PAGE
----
Differential expression analysis of lncRNAs

The image data were processed using the Feature Extraction version 12.0.3.1 (Agilent Technologies). Raw data were normalized by the Quantile algorithm in Genespring (version 14.8, Agilent Technologies) software. The standardized data were filtered, and at least one set of 100% probes labeled ‘Detected’ from each set of samples was used for comparison was stored for subsequent analysis. Differential gene expression of the lncRNAs was considered significant for P≤0.05 obtained by the Student’s t test between groups. The clinical information on patients and controls is listed in Supplementary Table S1.

Cluster analysis of differential lncRNA expression

The hierarchical clus0ter analysis of differentially expressed lncRNAs was performed using CLUSTER3.0, and the following volcano plot and heatmap analysis were performed.

Validation by quantitative real-time PCR

Reverse transcription and quantitative real-time PCR (QT-PCR) were performed to confirm the difference in the expression of the six selected lncRNAs between NSCLC patients and the control group. ChamQ™ Universal SYBR® qPCR Master Mix (Vazyme, China) was used to perform QT-PCR on the CFX96 system (Bio-Rad Laboratories, Inc., Hercules, CA, U.S.A.). After normalization to U6, the relative expression level of lncRNA was calculated by the 2−ΔΔCT method. The primer sequences are listed in Table 2.

Table 2
Nucleotide sequence of primers used for verification of the differentially expressed lncRNAs in NSCLC patients
Gene nameForward primerReverse primer
lnc-FRAT1-5 ACTGCTGCGAGGAGGAAAAT GCCCTGGATGTGTGCTTTTC 
lnc-SRY-11 TGACTTCTCAGGGCTGCAAG TGAGGGTTCCAAGTTCACGG 
lnc-RNASE13-1 TCAGCAGGGTTGGGAATGTC CCAGCACCATCCCCTTCTTT 
lnc-RP11-80A15.1.1-2 GCCAAGCCTGCTATCTCCTA GGTGTCAATGTGGCTTTGGG 
lnc-ARL6IP6-4 TCAACCTTGACTTCAGGGCC AGACTTAACAATTGGCGCGC 
lnc-DGKQ-1 GGCTTTACCAGGCCTTCTGT TTCCTACACATGGTGCCCAC 
U6 GCGCGTCGTGAAGCGTTC GTGCAGGGTCCGAGGT 
Gene nameForward primerReverse primer
lnc-FRAT1-5 ACTGCTGCGAGGAGGAAAAT GCCCTGGATGTGTGCTTTTC 
lnc-SRY-11 TGACTTCTCAGGGCTGCAAG TGAGGGTTCCAAGTTCACGG 
lnc-RNASE13-1 TCAGCAGGGTTGGGAATGTC CCAGCACCATCCCCTTCTTT 
lnc-RP11-80A15.1.1-2 GCCAAGCCTGCTATCTCCTA GGTGTCAATGTGGCTTTGGG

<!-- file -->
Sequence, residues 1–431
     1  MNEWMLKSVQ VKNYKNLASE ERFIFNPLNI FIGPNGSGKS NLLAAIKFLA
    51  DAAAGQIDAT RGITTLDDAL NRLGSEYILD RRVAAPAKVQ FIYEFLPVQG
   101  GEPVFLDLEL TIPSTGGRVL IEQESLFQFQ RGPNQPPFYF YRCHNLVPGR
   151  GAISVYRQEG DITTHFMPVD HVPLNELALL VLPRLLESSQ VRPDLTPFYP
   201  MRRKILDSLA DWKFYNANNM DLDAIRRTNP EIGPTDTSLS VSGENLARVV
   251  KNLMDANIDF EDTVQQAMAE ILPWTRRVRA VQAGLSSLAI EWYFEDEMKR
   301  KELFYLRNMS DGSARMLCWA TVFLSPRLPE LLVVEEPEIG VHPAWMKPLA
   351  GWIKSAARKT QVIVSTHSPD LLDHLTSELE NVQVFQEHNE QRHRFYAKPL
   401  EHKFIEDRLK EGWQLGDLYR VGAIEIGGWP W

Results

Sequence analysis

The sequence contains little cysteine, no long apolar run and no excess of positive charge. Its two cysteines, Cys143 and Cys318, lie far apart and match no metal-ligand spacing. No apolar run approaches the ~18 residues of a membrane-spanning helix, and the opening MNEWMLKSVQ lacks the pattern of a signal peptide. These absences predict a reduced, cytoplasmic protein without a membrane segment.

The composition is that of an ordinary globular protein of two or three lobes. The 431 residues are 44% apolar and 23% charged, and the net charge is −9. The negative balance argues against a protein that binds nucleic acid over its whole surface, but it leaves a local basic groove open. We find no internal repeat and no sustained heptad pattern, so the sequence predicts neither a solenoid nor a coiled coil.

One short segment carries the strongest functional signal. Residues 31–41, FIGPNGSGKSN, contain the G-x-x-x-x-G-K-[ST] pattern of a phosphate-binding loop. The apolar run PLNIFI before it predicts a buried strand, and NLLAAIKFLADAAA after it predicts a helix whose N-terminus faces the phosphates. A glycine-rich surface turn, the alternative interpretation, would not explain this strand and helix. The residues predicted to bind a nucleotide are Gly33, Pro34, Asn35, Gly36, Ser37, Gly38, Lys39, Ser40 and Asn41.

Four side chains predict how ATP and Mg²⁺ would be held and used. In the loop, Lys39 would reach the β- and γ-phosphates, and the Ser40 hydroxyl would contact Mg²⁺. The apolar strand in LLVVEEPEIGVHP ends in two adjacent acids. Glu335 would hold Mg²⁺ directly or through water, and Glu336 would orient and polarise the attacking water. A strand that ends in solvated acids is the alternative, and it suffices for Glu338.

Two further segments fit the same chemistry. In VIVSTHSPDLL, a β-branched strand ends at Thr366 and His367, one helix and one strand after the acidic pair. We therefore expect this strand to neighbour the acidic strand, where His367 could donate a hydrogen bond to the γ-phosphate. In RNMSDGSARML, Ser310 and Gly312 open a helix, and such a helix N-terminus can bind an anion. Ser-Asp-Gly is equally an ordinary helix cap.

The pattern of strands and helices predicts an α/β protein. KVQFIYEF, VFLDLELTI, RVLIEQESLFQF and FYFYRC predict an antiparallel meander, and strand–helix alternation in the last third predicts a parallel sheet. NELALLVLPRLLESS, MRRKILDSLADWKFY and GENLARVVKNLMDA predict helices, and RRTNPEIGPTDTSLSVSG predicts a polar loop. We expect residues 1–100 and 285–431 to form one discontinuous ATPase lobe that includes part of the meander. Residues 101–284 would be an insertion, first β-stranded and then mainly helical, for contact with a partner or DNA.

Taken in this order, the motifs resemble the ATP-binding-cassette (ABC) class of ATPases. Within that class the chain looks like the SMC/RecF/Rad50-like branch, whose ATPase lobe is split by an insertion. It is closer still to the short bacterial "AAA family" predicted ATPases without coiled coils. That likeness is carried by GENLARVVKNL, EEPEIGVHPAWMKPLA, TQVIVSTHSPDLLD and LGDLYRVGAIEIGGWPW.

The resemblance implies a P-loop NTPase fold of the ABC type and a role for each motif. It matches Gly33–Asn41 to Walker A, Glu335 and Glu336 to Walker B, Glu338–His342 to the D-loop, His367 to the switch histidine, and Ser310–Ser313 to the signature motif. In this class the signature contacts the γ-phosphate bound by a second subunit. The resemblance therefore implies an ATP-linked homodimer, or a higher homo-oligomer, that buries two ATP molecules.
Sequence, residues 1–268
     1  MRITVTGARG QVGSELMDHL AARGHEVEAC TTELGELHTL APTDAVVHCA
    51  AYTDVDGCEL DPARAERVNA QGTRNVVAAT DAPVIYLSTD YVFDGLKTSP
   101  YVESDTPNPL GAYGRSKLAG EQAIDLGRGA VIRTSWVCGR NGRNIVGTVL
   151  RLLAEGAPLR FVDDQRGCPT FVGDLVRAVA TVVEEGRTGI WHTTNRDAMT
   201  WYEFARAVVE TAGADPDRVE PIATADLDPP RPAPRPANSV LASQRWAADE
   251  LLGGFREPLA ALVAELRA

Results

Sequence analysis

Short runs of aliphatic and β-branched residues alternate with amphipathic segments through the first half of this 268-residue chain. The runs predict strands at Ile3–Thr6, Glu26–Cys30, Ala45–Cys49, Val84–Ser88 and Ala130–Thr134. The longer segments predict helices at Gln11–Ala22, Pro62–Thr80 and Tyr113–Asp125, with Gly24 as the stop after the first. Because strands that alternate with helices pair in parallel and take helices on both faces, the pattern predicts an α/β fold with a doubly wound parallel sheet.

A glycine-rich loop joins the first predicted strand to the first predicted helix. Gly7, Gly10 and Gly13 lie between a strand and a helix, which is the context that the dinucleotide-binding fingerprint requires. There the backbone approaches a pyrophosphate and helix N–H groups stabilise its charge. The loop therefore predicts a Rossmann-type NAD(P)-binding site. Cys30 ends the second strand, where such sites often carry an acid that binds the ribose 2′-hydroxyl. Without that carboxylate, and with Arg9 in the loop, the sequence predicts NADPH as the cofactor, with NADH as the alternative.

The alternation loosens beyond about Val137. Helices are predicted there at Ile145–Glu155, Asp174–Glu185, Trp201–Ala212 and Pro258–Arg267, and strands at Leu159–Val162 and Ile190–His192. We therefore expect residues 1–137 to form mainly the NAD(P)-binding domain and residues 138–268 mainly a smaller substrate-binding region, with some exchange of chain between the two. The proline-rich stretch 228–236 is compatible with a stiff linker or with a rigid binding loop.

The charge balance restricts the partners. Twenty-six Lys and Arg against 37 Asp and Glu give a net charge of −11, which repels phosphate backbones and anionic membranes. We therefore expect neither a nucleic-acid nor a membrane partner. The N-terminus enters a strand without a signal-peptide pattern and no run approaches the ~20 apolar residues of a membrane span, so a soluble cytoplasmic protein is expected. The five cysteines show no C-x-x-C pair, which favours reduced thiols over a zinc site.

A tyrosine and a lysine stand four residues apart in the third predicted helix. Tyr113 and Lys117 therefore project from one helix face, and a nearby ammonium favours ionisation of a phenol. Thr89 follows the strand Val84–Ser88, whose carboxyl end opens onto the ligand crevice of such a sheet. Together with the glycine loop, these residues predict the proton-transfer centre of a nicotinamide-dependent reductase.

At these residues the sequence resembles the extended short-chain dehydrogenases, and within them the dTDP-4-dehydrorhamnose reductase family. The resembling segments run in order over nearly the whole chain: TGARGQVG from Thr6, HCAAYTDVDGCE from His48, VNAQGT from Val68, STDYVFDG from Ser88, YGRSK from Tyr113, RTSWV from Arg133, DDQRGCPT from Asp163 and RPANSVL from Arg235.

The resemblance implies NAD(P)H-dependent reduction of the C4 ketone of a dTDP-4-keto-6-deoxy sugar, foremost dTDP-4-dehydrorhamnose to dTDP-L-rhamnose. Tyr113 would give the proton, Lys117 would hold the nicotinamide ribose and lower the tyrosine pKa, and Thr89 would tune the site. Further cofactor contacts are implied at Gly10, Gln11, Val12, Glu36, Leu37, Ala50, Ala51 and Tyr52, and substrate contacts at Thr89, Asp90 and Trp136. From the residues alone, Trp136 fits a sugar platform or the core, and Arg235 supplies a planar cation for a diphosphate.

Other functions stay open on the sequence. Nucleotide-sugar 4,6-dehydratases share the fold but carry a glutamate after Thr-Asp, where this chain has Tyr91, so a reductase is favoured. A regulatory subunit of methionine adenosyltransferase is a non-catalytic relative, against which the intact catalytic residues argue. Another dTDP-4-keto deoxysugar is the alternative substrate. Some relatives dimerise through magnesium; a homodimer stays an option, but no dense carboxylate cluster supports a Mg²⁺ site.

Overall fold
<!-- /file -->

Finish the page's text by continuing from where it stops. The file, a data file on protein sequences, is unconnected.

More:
lnc-ARL6IP6-4 TCAACCTTGACTTCAGGGCC AGACTTAACAATTGGCGCGC 
lnc-DGKQ-1 GGCTTTACCAGGCCTTCTGT TTCCTACACATGGTGCCCAC 
U6 GCGCGTCGTGAAGCGTTC GTGCAGGGTCCGAGGT 

Target gene prediction and functional analysis

LncRNA regulates the neighboring genes’ expression, which can be predicted based on the position within a range of 100 kb of its target gene of lncRNA and mRNA. To explore the function of lncRNAs, we first predicted the cis and trans target genes of lncRNAs.

Differentially expressed lncRNAs were then further analyzed with GO enrichment and KEGG pathway database to identify the involved enriched pathways of all differentially expressed genes. In GO enrichment analysis, there are three structured relationships of defined terms that describe gene product attributes, namely, the biological process, molecular function, and cellular component. The KEGG pathway analysis was carried out to reveal potential signaling clusters covering the differentially expressed genes. P<0.05 was considered statistically significant.

Statistical analysis

All statistical analyses were performed using the GraphPad Prism 5.0 (GraphPad Software, La Jolla, CA, U.S.A.) and SPSS 26.0 software (SPSS, Chicago, IL, U.S.A.). Differences of each exosomal lncRNA between NSCLC patients and control samples were performed using the t test for paired data. P≤0.05 was considered statistically significant.

Isolation and verification of urinary exosomes

We used ultracentrifugation to isolate urinary exosomes from NSCLC patients and healthy controls. Qualitative negative staining electron microscopy was used to verify whether the sediments were exosomes. In TEM analysis, isolated urinary exosome vesicles appeared as flattened spheres with diameters ranging from approximately 30 to 150 nm (Figure 1A).

Characterization of urinary exosomes in NSCLC

Figure 1
Characterization of urinary exosomes in NSCLC

(A) Urinary exosomes visualized by transmission electron microscopy. Exosomes are indicated by red arrows. Scale bar = 100 nm. (B) Western blotting results for exosome-enriched proteins CD63, CD9, and Tsg101. (C) NTA result of exosomes.

Figure 1
Characterization of urinary exosomes in NSCLC

(A) Urinary exosomes visualized by transmission electron microscopy. Exosomes are indicated by red arrows. Scale bar = 100 nm. (B) Western blotting results for exosome-enriched proteins CD63, CD9, and Tsg101. (C) NTA result of exosomes.

Then, the Western blot was used to detect the levels of CD63, CD9, and Tsg101 proteins, which are commonly enriched and located in exosome membranes. As shown in Figure 1B, the three proteins could be detected in urinary exosomes from NSCLC patients and healthy controls. The full, uncropped, and unedited versions of Western blots are shown in Supplementary Figure S1. The result of NTA demonstrated that most of the exosomes had a diameter of approximately 143 ± 2.9 nm (Figure 1C).

Differential expression analysis of lncRNAs